Rhodes University Community Engagement are participating in a unique international EU-funded Common Good First digital project. Diana Hornby and Sharli Paphitis have just returned from project team meetings in Norway and Scotland.
Common Good First is a digital project which will link community projects in South Africa to each other and to higher education institutions around the world using a web-based knowledge bank and innovative digital storytelling solutions. Led by GCU’s Director of Digital Collaboration Julie Adair, the Common Good First team will identify community projects and work with them to promote their objectives online and to investigate how the academic network could input innovative approaches to social change in response to the challenges the projects are facing.
The consortium includes representatives from six South African universities, as well as partners from Denmark, England, Iceland, Norway, Spain and Scotland. They were also joined by the project’s EU Officer from Brussels and a representative from the Scottish Government’s Department of Social Enterprise, Social Innovation and Social Investment, who are also contributing funding to the initiative.
The aim of the meetings was for the team to make progress on planning the digital storytelling modules, which are to be piloted at South Africa’s Rhodes University and University of South East Norway; to develop the approach for project selection across South Africa; and to consider the logistics of the platform build, which will take place in Cape Town early next year.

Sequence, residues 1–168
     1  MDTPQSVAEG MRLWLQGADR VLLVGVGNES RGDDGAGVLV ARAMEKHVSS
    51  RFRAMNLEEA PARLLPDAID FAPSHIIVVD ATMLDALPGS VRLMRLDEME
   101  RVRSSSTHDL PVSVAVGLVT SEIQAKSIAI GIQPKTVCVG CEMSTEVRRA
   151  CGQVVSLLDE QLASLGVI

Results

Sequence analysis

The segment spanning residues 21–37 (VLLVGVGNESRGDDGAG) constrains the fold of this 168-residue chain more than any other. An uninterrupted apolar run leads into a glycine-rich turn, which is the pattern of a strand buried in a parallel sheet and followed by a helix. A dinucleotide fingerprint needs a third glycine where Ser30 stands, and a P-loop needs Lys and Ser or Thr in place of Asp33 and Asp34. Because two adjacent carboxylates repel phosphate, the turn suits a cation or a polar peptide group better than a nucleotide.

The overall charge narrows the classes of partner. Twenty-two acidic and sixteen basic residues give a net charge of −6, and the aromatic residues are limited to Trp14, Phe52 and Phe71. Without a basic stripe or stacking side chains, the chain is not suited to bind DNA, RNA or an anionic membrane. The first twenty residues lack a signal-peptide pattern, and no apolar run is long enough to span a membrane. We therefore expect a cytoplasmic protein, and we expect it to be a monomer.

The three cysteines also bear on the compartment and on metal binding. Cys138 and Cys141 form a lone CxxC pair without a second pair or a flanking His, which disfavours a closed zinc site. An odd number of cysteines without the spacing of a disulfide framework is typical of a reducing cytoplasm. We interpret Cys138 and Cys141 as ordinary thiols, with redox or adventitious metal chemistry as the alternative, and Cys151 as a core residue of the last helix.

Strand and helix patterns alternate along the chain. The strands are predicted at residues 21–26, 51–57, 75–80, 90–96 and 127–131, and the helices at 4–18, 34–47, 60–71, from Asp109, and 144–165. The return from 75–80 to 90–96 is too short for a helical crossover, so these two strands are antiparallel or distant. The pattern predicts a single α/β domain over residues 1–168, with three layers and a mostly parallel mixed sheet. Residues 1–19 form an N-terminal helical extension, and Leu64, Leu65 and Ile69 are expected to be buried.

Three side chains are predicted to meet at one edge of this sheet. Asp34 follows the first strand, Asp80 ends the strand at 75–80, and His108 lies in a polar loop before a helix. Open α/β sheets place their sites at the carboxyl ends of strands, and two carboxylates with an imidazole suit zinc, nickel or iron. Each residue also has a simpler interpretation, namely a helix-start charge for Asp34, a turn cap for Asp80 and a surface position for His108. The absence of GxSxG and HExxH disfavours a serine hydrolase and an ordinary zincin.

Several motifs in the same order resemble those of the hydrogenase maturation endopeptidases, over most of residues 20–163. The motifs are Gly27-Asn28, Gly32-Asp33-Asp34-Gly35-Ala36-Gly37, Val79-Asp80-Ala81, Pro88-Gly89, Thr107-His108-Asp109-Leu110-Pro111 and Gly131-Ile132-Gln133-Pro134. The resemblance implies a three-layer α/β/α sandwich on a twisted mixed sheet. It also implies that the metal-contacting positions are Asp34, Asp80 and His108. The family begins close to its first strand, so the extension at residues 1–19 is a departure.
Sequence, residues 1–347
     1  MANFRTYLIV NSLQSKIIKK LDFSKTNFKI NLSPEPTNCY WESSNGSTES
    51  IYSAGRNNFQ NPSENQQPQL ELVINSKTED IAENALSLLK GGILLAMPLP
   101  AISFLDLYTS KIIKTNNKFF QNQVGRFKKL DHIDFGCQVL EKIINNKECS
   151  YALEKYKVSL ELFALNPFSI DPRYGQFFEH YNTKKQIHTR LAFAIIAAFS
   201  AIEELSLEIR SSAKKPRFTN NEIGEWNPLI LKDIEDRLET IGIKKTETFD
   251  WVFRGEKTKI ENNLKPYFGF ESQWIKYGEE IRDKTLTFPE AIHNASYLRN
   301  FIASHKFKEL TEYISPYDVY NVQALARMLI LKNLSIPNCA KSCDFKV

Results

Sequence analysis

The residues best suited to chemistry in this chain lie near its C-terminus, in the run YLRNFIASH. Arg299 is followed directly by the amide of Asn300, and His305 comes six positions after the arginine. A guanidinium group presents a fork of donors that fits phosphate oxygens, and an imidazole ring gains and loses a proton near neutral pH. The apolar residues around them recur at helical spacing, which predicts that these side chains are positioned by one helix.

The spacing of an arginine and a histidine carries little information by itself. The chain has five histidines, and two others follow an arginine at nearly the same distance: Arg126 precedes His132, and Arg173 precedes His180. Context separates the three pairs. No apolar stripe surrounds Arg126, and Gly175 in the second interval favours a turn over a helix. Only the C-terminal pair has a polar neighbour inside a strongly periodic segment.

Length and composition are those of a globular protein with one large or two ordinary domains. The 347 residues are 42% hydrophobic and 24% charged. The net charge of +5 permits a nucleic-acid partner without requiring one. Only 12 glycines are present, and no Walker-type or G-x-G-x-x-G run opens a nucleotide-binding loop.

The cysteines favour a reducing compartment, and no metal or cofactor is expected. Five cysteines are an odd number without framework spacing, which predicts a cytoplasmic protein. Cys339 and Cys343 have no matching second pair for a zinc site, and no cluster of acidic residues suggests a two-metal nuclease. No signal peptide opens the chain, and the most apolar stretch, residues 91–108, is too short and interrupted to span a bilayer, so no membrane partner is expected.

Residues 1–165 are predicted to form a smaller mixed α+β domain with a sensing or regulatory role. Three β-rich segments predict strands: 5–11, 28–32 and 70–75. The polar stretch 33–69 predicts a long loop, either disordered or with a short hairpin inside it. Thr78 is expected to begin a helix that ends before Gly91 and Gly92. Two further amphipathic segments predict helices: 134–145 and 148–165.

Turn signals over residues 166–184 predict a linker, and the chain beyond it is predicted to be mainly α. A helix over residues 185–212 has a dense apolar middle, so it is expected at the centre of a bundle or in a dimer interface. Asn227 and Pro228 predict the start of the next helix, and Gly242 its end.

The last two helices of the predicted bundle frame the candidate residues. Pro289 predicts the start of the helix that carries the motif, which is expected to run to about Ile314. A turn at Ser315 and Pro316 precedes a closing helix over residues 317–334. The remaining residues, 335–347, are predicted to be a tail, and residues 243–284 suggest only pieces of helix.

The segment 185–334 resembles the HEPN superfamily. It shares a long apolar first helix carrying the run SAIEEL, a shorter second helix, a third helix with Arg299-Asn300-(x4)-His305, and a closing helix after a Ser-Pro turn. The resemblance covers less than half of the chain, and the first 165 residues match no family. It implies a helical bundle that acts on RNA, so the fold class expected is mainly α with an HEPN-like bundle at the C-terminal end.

Earlier this year, Common Good First won a distinguished Ashoka U Cordes Innovation Award in celebration of its community partnership working. The platform was recognised by Ashoka U, a global network of universities and colleges which focuses on social innovation, for its ambitions to identify, showcase and connect social impact projects to each other, and to universities for research, evaluation, teaching and student engagement. Following the award, Sandra White MSP congratulated the digital project in a motion to the Scottish Parliament.
Source: Rhodes University